Small operands gcd improvements

Torbjörn Granlund tg at
Thu Aug 8 10:02:29 UTC 2019

Some random thoughts on our gcd code:

I forgot to create all needed "grabber" files for gcd_11, so we got
slowdown for many x86_64 CPUs.

One thing which blurs measurements is that the gcd_1 files use a
plethora of strategies for initial reduction given 1 x 1.  Some check
their relative sizes and at a hardwired threshold reduce the larger one
with some sort of modulo operation.  Here a plain hardware instruction
is sometimes used, but also a call to mpn_modexact_1c_odd!

I some cases, I fail to understand the gcd_1/gcd_11 speed differences.
On Cortex-A15 gcd_1 measures at around 3.4 c/b while gcd_11 gives around
4.  And that's with the exact same code in the loop aligned to the same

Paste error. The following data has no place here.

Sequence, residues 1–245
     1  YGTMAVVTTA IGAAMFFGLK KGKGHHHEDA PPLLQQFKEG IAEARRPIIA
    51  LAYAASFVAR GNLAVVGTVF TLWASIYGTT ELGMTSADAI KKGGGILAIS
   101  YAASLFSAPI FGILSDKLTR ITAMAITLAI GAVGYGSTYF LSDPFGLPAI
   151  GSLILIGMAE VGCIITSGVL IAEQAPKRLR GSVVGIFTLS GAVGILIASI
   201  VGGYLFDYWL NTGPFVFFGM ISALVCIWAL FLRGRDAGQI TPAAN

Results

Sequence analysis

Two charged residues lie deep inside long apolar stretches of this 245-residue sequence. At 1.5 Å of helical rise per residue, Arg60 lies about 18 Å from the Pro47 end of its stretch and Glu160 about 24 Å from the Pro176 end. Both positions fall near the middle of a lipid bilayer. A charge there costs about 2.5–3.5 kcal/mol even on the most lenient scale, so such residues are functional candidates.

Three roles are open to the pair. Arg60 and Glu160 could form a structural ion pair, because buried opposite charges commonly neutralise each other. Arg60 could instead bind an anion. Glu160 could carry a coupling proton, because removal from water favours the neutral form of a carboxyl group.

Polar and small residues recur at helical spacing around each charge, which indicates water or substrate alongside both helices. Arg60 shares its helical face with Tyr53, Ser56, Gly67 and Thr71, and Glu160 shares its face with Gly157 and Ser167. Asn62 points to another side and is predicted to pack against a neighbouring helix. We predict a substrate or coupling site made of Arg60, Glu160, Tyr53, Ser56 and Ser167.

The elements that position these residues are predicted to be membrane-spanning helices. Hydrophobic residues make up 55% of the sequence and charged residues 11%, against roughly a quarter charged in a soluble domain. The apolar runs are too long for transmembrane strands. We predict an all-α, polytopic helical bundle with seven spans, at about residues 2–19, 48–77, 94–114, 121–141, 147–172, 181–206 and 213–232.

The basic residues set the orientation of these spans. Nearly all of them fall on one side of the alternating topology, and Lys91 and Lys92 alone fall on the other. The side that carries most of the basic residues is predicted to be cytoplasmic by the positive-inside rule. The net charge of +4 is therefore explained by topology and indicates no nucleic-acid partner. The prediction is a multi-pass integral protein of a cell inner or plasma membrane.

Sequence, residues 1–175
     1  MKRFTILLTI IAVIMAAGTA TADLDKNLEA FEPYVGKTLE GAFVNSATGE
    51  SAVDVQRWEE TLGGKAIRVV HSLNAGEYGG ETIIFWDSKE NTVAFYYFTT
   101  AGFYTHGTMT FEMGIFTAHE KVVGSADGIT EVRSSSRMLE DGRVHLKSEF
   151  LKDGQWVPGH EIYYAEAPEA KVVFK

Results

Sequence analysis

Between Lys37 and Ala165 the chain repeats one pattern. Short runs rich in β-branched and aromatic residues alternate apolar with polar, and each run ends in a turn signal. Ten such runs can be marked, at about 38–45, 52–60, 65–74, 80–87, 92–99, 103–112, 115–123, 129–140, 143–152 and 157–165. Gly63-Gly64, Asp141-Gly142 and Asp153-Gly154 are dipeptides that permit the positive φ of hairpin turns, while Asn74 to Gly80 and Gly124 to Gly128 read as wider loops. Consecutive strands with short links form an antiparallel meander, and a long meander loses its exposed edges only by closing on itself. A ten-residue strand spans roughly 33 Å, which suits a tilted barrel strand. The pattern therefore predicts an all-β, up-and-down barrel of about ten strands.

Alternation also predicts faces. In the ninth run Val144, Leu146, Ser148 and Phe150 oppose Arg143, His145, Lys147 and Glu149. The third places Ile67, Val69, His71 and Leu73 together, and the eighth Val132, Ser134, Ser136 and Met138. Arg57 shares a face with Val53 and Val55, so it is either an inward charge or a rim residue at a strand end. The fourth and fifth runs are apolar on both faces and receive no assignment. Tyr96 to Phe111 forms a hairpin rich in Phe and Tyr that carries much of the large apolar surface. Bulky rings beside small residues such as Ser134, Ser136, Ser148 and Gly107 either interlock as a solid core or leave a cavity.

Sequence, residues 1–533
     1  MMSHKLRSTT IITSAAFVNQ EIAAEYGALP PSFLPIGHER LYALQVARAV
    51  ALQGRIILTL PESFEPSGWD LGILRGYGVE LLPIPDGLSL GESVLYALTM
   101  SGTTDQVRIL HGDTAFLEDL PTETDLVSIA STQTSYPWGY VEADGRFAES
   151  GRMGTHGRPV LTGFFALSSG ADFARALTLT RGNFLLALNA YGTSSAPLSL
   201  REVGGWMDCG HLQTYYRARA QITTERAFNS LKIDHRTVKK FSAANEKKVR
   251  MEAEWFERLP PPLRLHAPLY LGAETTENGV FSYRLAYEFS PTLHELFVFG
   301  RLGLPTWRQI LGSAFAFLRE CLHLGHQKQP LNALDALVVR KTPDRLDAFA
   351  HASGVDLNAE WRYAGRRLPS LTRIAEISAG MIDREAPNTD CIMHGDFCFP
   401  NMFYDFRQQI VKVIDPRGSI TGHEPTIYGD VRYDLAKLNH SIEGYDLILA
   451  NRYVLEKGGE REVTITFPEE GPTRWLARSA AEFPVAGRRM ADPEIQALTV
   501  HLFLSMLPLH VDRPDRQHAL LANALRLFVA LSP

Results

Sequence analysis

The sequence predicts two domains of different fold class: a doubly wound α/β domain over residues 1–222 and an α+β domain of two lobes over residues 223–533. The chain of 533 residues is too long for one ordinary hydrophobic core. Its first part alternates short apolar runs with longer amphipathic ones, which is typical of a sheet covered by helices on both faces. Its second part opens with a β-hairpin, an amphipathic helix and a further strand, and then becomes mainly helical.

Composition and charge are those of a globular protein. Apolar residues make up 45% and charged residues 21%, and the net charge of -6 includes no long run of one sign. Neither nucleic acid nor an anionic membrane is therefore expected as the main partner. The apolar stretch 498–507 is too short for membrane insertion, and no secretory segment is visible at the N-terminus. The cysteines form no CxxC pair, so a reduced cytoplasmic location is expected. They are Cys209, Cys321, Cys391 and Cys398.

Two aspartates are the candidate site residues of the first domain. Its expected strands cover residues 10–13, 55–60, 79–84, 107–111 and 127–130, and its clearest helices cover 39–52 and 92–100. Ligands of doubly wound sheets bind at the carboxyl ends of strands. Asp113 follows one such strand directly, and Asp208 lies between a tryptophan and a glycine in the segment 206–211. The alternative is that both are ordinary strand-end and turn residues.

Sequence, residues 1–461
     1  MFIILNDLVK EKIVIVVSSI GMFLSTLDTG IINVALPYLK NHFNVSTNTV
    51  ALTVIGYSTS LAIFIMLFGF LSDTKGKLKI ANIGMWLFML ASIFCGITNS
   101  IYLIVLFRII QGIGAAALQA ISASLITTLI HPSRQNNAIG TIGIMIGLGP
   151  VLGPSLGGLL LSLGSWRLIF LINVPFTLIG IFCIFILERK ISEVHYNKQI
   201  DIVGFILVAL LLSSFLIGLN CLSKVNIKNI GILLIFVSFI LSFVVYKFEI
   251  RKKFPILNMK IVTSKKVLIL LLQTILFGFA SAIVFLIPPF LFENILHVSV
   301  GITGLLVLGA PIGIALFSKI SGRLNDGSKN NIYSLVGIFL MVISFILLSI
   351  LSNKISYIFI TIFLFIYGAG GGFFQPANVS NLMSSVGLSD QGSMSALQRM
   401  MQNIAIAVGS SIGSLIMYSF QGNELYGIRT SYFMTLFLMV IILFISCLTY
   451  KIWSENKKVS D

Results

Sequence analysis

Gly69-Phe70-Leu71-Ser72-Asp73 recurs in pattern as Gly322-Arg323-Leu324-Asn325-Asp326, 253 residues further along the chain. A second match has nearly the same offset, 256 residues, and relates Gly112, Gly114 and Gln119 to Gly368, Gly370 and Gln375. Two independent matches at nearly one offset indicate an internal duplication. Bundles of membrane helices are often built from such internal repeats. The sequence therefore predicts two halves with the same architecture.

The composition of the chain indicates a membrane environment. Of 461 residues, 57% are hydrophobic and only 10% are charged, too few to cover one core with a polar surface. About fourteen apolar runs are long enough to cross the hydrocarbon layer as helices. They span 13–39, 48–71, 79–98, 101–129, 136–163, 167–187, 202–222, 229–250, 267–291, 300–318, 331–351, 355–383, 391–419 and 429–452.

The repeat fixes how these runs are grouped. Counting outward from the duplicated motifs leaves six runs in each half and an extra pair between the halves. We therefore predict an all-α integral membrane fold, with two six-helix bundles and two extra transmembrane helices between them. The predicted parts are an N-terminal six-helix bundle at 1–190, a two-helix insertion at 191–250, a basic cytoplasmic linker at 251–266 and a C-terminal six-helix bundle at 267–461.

boundary, etc, etc.  (Note that what's checked in now use different
code, my experiments was with non-comitted code.)

The automated measurements of gcd_1 and gcd_11 use different parameters.
That was a mistake.  Fix made for next round.

  I've been considering

  mpn_gcd_22 (mp_ptr rp, 
              mp_limb_t u1, mp_limb_t u0, 
              mp_limb_t v1, mp_limb_t v0);

  with the requirement that u0 and v0 are odd. Do you prefer something
  different? I'm thinking that it should not be a public function.

I agree about the critera for oddness.  We might also require v1 != 0,
u1 != 0, but then again that might be unnecessary.

Should we brave to return struct{mp_limb_t g0; mp_limb_t g1;} instead of
having an rp parameter?

  > The last loop will be 11.  We can simply inline a copy here as it is
  > tiny.  (A tail call won't work as the functions will have different
  > return types.)

  Except if we have lots of tuned variants of gcd_11 and fewer gcd_22;
  then gcd_22 ought to call the separately selected gcd_11.

We need to inline the right version....

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